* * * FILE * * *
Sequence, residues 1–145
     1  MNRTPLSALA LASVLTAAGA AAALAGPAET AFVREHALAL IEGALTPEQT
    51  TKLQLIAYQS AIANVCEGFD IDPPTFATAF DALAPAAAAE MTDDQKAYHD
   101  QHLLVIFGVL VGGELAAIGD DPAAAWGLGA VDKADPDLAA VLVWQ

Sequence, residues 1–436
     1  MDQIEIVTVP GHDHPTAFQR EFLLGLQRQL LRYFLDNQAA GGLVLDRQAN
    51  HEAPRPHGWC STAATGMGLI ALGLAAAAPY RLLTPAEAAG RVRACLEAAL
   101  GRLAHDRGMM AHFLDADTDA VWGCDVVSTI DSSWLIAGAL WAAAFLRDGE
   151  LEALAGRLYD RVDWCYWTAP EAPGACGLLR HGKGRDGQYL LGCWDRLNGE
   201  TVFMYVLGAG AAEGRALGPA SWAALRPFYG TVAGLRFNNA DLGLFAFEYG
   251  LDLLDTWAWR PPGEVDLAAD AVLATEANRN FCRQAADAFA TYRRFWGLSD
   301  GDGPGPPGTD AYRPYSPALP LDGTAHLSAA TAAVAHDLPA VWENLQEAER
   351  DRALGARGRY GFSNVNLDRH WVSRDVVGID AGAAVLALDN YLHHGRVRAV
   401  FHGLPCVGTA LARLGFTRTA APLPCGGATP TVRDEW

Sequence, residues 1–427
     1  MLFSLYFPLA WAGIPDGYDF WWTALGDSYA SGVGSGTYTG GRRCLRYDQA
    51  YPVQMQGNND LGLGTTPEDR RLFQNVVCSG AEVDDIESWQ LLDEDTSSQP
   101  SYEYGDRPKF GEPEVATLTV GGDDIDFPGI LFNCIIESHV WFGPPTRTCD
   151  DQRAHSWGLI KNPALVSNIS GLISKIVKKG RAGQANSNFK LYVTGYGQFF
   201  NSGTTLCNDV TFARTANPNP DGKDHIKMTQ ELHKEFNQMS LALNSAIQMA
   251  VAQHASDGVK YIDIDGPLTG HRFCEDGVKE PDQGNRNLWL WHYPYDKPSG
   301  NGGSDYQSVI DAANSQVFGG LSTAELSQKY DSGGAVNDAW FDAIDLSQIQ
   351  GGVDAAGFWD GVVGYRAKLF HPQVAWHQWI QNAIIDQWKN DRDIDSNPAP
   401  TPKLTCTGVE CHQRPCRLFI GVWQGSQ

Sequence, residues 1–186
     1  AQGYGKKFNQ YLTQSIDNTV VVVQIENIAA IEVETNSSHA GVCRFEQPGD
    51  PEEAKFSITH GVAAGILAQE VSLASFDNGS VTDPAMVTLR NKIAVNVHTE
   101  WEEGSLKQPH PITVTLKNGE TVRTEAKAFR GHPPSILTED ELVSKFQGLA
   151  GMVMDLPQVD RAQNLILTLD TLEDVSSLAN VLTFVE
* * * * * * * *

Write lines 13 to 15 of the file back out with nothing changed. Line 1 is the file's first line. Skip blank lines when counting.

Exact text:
   351  DRALGARGRY GFSNVNLDRH WVSRDVVGID AGAAVLALDN YLHHGRVRAV
   401  FHGLPCVGTA LARLGFTRTA APLPCGGATP TVRDEW

Sequence, residues 1–427